It Takes a Village

Did you know?

• The average age of potty training has nearly tripled since the invention of disposable diapers.
• Training EARLIER is easier! Kiddos get more willful as they get older, so 12-18 months tends to be the golden window
• The US sends approximately a half MILLION elephants worth of disposable diapers to the landfill EVERY YEAR.

Check out the Potty Training info below, and let us know any other questions you have!
Want to read about baby pottying instead? Click here!

The Potty Training Experience:

Choose a time when you have a few days you can commit to this. Every child is different, but if you stick with it, most children complete in 7-10 days. The first day or two you want to commit to STAYING HOME. Turn off the devices. Turn off the TV. Pay attention to your child. If you have multiple children, consider having someone visit to help you, but only if that person is someone who will HELP, and not distract you. It can seem a little daunting, but honestly - most of us would benefit from a couple days tech-free, and you are teaching your child a very important skill.

The first part is pants-free time at home. No diaper, no undies - nothing. Use a long shirt or dress if modesty is a concern. If it’s cold - leg warmers or chaps are a good choice. The reason for this part is that since the child has spent all their life so far in diapers, most kids have not had the opportunity to connect the dots between the need to pee and the result. It’s all happened in their diaper, and they often need that connection of “OH! That’s what this feeling means!”

Do this in a room without carpet, or put down mats, or spend the day outside! Whatever you need to do so you don’t have to worry about the floor in case it were to get peed on.

So no pants, and tell them, “Pee goes in potty now.” For this first part, try not to prompt them to go potty. You want to observe them, see if you notice a pee-pee dance, make note of how often they naturally go, etc. It’s fine to toss out some reminders “Pee goes in the potty now,” but don’t PUT them on the potty unless they are actually going, or they are clearly doing the potty dance/poop dance about to go.

Every single time he begins to pee, you will calmly transport him (lift him up off the ground and onto the potty or into the bathroom) onto the potty and say “pee in potty.” Even if you’ve only gotten one drop in (and a trail of drops behind you), it counts!

It is essential to only put her on the potty DURING a pee or poo. Putting her on the potty at random times throughout the day teaches nothing.

The physical act of getting on the potty only while eliminating is what teaches. Having them “practice sitting” doesn’t teach them what it’s for.

But actually demonstrating it through the body itself? THAT is what teaches this.

So, there’s a line of progress you want to move along. I peed — I’m peeing — I need to pee. ANY progress along this path counts! Once they are showing some progress along it, you can move to step 2, which is to put on a pair of pants or shorts and go for a short walk. Like 5-15 minutes, depending on how long they normally go between peeing. No diaper, no underwear, just pants or shorts. This prevents them from feeling like they’re in a diaper. Take the walk (leave right after a pee), then come home, and pants back off. You can do this several times. This gives the child a chance to successfully go out and stay dry.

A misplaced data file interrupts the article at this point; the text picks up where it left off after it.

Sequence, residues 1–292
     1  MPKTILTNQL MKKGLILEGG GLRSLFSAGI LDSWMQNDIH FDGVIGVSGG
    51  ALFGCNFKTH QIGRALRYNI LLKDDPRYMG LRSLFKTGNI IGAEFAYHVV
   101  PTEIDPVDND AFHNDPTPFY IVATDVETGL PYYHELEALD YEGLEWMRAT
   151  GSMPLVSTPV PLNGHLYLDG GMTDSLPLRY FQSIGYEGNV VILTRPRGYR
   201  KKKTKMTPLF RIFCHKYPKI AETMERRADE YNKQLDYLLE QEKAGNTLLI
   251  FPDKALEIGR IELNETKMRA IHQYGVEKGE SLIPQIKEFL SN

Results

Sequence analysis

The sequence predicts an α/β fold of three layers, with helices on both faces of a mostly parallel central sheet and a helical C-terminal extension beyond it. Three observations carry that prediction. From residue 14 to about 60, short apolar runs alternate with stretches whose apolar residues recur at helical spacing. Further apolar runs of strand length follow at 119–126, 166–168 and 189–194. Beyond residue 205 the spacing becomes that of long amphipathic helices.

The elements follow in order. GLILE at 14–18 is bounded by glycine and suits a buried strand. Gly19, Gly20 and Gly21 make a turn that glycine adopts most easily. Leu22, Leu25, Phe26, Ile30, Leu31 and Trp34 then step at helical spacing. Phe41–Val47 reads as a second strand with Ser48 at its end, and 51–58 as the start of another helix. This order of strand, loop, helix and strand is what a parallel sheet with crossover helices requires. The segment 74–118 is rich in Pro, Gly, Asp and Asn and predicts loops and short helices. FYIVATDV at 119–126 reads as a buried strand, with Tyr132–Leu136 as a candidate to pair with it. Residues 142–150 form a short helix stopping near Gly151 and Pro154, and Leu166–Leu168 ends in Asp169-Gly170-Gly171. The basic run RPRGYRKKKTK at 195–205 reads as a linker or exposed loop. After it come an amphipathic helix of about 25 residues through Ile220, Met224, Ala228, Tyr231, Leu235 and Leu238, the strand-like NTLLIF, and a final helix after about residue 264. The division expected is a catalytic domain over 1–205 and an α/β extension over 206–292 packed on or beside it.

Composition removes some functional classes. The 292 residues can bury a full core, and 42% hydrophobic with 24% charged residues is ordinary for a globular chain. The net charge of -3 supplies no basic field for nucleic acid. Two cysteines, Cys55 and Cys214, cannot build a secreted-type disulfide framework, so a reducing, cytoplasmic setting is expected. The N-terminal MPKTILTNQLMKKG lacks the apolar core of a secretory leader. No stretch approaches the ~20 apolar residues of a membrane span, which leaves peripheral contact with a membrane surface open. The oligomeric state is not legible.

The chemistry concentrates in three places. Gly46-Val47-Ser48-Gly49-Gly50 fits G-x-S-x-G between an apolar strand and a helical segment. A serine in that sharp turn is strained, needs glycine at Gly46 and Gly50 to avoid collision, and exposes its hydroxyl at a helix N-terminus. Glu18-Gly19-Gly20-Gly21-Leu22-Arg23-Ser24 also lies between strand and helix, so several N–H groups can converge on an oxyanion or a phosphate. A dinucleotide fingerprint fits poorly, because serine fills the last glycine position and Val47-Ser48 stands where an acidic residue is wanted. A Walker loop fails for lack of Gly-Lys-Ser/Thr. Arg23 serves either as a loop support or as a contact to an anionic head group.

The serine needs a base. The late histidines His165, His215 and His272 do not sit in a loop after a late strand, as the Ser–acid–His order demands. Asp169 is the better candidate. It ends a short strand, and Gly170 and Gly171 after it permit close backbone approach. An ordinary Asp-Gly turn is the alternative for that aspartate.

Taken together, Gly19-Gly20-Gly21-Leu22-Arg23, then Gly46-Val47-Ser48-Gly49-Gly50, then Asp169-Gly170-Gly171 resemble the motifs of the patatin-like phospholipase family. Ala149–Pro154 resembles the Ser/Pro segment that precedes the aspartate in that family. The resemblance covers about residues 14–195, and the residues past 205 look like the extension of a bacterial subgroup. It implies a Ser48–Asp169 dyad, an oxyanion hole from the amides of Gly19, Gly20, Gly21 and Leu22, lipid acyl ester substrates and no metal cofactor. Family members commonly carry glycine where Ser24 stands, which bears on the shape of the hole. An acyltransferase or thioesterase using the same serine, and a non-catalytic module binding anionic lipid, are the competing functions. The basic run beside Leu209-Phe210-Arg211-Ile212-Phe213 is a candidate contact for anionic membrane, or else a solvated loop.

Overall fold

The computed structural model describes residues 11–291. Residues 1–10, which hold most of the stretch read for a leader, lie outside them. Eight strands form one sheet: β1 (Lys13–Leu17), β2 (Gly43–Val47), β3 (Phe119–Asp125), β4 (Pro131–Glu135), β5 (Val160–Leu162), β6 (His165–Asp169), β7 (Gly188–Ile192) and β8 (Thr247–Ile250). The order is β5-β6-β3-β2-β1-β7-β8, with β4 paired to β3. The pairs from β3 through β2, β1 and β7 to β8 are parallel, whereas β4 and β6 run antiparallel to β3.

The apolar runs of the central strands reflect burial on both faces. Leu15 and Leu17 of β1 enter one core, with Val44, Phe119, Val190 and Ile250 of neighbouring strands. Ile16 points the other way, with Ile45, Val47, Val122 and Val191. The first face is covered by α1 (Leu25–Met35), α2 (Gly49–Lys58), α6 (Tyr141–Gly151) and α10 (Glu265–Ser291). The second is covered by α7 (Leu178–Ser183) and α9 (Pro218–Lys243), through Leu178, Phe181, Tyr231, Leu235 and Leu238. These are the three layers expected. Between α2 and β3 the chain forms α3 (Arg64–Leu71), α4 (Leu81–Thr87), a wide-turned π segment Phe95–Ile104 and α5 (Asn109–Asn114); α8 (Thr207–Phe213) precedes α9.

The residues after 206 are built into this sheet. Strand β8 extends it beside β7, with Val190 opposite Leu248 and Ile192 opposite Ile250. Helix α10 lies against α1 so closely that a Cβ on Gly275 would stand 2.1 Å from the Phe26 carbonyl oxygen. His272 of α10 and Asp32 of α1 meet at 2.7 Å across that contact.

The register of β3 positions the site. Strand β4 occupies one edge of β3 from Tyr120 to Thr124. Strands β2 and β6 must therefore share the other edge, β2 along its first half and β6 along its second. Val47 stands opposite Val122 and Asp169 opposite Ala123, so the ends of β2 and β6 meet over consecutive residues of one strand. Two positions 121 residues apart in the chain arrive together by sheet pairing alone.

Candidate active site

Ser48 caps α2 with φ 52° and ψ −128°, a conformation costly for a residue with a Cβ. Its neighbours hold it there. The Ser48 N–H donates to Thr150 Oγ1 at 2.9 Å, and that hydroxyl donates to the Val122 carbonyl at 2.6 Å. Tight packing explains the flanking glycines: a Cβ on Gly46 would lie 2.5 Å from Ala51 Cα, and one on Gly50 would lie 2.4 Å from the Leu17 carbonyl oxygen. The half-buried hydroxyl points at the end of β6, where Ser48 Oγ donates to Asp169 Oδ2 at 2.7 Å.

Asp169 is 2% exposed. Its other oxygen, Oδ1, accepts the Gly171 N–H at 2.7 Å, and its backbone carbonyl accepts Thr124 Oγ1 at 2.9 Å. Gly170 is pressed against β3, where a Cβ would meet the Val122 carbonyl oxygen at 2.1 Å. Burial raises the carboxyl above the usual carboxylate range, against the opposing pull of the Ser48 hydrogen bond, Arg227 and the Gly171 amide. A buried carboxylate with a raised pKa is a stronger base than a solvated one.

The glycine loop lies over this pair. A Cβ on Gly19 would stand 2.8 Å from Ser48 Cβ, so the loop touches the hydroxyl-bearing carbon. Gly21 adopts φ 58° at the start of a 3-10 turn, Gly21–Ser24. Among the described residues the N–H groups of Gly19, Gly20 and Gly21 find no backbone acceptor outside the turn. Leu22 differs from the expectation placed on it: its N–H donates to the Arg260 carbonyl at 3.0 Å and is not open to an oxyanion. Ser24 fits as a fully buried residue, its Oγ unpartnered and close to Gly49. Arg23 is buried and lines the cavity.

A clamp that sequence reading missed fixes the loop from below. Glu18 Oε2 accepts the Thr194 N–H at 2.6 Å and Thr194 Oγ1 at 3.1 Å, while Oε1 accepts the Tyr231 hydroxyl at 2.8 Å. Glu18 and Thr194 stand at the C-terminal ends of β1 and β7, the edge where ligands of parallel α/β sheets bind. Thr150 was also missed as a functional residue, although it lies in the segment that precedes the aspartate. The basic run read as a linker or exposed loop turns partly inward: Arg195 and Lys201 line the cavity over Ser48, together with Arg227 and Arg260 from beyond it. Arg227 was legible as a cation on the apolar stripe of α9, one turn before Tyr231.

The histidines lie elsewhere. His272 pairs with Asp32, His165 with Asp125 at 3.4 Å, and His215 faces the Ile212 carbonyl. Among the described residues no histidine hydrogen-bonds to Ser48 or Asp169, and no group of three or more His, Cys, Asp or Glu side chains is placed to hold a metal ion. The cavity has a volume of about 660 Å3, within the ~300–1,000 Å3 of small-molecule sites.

Once you’ve had several successful outings, you can move to step 3, which is commando under shorts or pants at home, and then undies and shorts/pants for outings, with the outings getting longer and longer.

There is no set amount of time to spend on each step; just whatever seems right for the child.

Use these days to also teach skills like getting ON the potty, wiping, flushing, washing hands, etc. Anything the child CAN do, let them be the one to do it. They will be less resistant when they are given control of the situation. Toddlers want to have control of their own life, same as any of us. By teaching them the skills and letting them do what they can, we are helping them gain an important independence.

Once you’ve gotten past the first few days, it’s fine to put them on the potty at good opportunities, like in/out of the car, in/out of highchair, or other normal transition times when you would normally go, or when you would have older children go. It’s just the first little bit of helping them learn to recognize the need to go that you want to only put them on when they ARE going.

Night-time/naps is a whole different conversation, so we’ll leave it at this for now, with just one thing on sleep - as soon as they wake up, diaper goes away, and sit on potty. Most humans will need to go right after waking up, babies and children included!

At a Glance

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